ICC requests release of staff members detained in Libya
11 June 2012 – Expressing concern over their safety, the International Criminal Court (ICC) has requested the immediate release of four of its staff members who have been detained in Libya since Thursday last week.
“We are very concerned about the safety of our staff in the absence of any contact with them. These four international civil servants have immunity when on an official ICC mission,” said the ICC President, Judge Sang-Hyun Song, in a news release issued over the weekend.
“I call on the Libyan authorities to immediately take all necessary measures to ensure their safety and security and to liberate them,” he added, noting that the ICC is communicating with the relevant authorities in Libya to ensure their release.
In accordance with the ICC’s Pre-Trial Chamber I decision of 27 April 2012, the staff members travelled to the North African nation on Wednesday last week, to meet with Saif Al-Islam Qadhafi in Zintan, in part as a privileged visit by the Office of Public Counsel for the Defence, currently appointed to represent Mr. Qadhafi in the case brought against him.
The Pre-Trial Chamber decision was related to the roles of Mr. Qadhafi, the son of former Libyan leader Muammar al-Qadhafi, and the country’s former intelligence chief, Abdullah Al Sanousi, in attacks against protesters and rebels during Libya’s pro-democracy uprising last year.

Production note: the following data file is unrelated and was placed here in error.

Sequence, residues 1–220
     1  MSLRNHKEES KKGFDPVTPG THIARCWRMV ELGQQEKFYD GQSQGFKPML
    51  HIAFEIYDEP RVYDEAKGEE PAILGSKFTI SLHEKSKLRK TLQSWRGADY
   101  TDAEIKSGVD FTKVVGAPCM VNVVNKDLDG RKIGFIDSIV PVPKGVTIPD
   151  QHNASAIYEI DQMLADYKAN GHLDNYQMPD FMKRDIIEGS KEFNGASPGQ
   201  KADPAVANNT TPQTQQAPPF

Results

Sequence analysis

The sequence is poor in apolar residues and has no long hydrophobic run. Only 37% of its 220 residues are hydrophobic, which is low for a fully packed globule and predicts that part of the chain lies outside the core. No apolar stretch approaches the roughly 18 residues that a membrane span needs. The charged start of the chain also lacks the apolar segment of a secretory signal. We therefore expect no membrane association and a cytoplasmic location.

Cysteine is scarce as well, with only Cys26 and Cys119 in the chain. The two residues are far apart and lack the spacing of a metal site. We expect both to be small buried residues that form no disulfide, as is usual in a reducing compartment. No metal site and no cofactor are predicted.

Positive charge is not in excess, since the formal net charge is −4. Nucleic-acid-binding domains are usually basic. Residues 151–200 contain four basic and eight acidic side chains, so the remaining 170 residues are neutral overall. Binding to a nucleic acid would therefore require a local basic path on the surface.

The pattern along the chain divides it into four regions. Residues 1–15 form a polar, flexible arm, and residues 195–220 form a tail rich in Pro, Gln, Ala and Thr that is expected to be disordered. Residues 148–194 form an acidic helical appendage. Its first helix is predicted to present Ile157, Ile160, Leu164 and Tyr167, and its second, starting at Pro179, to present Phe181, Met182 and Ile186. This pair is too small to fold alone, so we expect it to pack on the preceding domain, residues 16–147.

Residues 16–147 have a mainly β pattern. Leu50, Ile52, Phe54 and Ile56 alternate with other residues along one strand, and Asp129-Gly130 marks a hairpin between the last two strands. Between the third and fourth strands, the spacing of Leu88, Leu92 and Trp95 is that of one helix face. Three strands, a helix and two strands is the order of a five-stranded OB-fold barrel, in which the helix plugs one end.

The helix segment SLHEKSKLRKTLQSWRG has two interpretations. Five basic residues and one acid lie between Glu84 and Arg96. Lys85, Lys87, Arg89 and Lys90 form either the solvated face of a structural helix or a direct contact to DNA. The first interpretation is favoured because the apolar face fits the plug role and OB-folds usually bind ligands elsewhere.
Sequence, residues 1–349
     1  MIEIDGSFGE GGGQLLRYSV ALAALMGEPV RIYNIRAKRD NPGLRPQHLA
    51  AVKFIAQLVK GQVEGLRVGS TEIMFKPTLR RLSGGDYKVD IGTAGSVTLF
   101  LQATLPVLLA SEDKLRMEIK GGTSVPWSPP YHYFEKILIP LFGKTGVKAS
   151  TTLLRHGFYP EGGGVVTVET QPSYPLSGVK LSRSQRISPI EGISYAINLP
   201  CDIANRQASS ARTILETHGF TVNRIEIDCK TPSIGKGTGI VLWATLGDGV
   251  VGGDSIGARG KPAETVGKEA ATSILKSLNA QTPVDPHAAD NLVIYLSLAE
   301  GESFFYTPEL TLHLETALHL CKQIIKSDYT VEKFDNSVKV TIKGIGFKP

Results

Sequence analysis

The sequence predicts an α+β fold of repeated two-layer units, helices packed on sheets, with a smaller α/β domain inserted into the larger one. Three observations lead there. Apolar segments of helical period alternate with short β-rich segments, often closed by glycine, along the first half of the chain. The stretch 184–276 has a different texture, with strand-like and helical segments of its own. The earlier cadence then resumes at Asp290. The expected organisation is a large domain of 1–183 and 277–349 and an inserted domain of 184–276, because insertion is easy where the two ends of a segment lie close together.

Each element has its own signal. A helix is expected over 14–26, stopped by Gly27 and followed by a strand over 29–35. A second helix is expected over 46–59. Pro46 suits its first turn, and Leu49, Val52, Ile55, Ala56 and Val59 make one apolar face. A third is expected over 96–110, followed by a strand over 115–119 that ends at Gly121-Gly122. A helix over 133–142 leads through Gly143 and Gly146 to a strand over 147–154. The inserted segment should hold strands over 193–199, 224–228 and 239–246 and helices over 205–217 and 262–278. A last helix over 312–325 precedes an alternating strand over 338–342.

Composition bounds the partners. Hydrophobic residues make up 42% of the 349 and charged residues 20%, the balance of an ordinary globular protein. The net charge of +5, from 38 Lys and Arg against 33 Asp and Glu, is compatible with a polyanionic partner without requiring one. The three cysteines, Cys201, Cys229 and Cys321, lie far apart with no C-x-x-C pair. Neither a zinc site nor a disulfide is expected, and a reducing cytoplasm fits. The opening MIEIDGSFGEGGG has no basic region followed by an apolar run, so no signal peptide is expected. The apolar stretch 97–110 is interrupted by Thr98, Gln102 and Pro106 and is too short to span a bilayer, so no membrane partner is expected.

The ICC delegation also included members of the ICC Registry with the view of discussing with Mr. Qadhafi the option to appoint counsel of his own choosing.
According to the ICC, Libya made a submission to the Pre-Trial Chamber ensuring that it would facilitate access to Mr. Qadhafi by his lawyers. This agreement had been further confirmed during the contacts between the Libyan government and the ICC Registry.
The ICC added that in accordance with the Security Council’s resolution 1970, which seized the ICC with the Libyan situation, Libya has the legal obligation to fully cooperate with the ICC, including the respect of the legal regime imposed by the Rome Statute which emphasizes the rights of the suspects to have privileged contacts with their lawyers.
In the news release, the ICC indicated that it hopes that the detention of its staff will be “speedily resolved in the spirit of the cooperation that has existed between the Court and the Libyan authorities.”
The ICC is an independent, permanent court that investigates and prosecutes persons accused of the most serious crimes of international concern, namely genocide, crimes against humanity and war crimes if national authorities with jurisdiction are unwilling or unable to do so genuinely.
Libya is due to hold legislative elections on 7 July. Some 2.7 million people in the North African nation have registered to vote for members of a new National Congress, which will be tasked with drafting a new constitution for Libya.
The polls will be the first free elections in decades in Libya, where Muammar al-Qadhafi ruled for more than 40 years until a pro-democracy uprising last year led to civil war and the deposing of his regime.
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